FakesolvesOriginally published on May 19, 2020.
One of the most common mistakes beginners to the math competition scene make is thinking they solved a problem and then realizing they didn't actually solve it correctly. This is especially prevalent in beginning olympiads, such as BAMO, USAMTS, and other similar competitions, but this also happens quite commonly with computational contests. 
So how do you prevent this from happening? First and foremost, by getting more experience by solving more problems. You're much less likely to think you solved a problem while not making any significant progress if you get better at noticing things and actually making progress.
Geometry is one of the subjects most prone to fakesolving.  My rule of thumb for checking if you've actually solved a problem: Have you actually found anything meaningful? For most olympiad geometry problems, you can't just randomly chase some angles and hope to finish. You actually have to notice that certain angles are equal, certain triangles are similar, certain homotheties can be taken, or whatever.  Here's a proper subset of the questions you should be asking yourself whenever you feel like your solution to a problem might have been sketchy:
- Have you found any sets of collinear points/concurrent lines/cyclic quadrilaterals?
- Have you found out what any conditions mean?
- If the problem asks you to show a line bisects a segment or a point lies on some other thing, have you actually found out what this line or point does/is?
- If it's a one-theorem problem or one-trick pony, do you know what this theorem/trick is?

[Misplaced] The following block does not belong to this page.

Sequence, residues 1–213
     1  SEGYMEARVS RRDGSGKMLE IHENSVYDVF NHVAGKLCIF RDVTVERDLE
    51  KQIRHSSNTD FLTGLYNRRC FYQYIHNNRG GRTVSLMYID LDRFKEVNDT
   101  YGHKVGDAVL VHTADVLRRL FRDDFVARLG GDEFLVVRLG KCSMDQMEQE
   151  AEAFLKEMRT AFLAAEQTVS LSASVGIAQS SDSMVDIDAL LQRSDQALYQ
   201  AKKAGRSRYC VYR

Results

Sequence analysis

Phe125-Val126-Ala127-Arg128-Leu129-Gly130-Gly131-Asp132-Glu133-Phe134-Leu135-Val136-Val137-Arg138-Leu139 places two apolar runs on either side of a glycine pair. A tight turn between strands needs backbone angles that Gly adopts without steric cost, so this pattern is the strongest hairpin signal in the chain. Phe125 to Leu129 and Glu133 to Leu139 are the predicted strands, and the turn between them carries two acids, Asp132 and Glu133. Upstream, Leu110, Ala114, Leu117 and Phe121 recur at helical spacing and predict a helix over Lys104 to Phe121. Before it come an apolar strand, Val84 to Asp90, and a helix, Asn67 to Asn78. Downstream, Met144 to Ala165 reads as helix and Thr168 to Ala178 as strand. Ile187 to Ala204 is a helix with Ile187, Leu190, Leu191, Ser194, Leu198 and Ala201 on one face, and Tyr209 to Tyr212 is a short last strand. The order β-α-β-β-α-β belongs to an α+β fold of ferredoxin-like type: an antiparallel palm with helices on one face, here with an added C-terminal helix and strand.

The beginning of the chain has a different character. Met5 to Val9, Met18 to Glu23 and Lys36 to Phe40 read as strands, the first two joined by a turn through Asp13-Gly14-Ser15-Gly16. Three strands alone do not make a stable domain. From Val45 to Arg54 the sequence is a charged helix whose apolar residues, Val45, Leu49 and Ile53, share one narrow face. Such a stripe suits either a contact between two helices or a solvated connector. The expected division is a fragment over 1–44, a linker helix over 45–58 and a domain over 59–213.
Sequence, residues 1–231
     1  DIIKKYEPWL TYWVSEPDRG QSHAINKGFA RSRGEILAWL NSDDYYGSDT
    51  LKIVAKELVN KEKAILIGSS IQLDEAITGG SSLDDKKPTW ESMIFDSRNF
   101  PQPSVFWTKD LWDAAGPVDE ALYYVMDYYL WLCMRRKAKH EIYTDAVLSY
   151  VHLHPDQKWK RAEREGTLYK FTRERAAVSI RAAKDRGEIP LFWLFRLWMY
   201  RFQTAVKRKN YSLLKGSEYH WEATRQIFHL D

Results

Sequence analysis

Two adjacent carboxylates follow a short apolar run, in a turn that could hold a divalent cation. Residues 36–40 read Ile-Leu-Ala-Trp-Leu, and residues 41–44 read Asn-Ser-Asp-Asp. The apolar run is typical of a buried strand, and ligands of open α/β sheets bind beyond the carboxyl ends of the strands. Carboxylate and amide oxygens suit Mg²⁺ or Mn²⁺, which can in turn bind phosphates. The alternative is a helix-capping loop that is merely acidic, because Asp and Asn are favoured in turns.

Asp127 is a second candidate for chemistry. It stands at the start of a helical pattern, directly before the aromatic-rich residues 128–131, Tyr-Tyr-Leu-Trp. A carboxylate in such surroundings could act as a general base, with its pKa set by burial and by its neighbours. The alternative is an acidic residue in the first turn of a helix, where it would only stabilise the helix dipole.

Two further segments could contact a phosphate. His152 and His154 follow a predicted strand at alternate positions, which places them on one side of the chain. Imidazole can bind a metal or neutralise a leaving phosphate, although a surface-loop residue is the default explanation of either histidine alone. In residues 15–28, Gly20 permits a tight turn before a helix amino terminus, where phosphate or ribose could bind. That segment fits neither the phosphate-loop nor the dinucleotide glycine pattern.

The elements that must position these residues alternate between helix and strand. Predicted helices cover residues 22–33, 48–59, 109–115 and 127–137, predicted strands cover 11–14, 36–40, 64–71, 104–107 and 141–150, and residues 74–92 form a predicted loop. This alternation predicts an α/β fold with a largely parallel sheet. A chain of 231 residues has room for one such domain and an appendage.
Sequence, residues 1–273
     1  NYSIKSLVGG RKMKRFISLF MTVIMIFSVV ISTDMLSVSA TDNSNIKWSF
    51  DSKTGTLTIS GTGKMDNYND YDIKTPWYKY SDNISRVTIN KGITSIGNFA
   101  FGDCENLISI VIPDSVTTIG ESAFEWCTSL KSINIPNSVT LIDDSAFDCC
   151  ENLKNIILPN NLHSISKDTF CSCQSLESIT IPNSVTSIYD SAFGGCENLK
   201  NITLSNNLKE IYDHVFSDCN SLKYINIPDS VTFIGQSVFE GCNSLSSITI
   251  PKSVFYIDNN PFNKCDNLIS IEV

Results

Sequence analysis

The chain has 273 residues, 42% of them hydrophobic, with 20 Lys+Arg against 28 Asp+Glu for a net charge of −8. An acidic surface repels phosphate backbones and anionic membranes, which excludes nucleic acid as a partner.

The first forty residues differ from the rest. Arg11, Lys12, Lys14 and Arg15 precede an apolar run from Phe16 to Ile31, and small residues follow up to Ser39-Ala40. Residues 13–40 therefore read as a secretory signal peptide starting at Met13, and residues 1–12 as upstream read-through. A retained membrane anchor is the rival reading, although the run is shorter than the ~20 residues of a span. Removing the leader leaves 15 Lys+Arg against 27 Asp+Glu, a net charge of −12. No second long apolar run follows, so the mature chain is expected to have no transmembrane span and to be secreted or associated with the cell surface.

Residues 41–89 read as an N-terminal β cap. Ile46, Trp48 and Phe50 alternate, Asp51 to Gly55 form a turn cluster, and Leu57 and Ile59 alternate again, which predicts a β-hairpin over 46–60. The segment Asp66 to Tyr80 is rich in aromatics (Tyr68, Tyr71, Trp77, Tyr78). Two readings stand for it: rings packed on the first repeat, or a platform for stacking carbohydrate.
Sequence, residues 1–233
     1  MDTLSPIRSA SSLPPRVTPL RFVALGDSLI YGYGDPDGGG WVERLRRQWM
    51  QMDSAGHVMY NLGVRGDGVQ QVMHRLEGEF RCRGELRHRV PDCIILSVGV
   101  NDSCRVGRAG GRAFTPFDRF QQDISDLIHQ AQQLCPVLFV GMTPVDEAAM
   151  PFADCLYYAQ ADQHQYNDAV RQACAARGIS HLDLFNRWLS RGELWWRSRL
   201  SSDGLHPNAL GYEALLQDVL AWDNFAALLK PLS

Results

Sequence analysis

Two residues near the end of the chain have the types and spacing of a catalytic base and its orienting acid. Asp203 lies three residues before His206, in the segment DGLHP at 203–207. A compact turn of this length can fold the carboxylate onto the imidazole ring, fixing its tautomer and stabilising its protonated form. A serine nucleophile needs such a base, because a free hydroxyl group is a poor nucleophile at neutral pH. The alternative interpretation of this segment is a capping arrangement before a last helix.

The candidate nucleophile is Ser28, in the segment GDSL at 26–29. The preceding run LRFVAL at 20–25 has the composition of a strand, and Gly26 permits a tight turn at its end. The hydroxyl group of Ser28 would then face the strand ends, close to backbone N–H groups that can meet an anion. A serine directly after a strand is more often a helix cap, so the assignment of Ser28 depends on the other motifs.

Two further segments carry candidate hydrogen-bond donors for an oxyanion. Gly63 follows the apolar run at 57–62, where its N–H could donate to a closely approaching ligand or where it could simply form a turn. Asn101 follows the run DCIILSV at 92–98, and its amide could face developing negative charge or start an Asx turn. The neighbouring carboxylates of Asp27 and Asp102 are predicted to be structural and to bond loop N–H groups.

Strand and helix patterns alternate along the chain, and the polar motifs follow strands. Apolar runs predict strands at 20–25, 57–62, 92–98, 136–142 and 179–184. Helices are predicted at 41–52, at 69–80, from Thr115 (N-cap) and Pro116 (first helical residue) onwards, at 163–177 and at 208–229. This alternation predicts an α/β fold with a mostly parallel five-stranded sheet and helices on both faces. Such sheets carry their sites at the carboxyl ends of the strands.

- Most importantly: Could you tell someone else what you did?
You don't have to explicitly ask yourself each of these questions. At some point in time you'll be able to internalize it, and instead you'll just get a gut feeling that something went wrong if you haven't really done anything. 
 To clarify: This isn't because they sillied, missed an edge case, or whatever - it's because they actually didn't make any significant progress in the problem (but they think they did).
 For Algebra, Combo, and NT, the advice is really similar - "finding a point" just becomes "finding a bijection," "finding the equality case," "finding a contradiction," et cetera. It's just much easier to formalize with geometry, which is one of the reasons I used it as an example.
 Actually, this is just the list of what to look for/how to tell you're making progress in the first place. You'll find that the list of "have I actually solved this problem" is very similar to "how should I solve this problem?"
 This is also why it's super important to solve problems and actually check your answers/compare your solutions to other people's - so you can establish a quick and accurate feedback loop that iterates many times.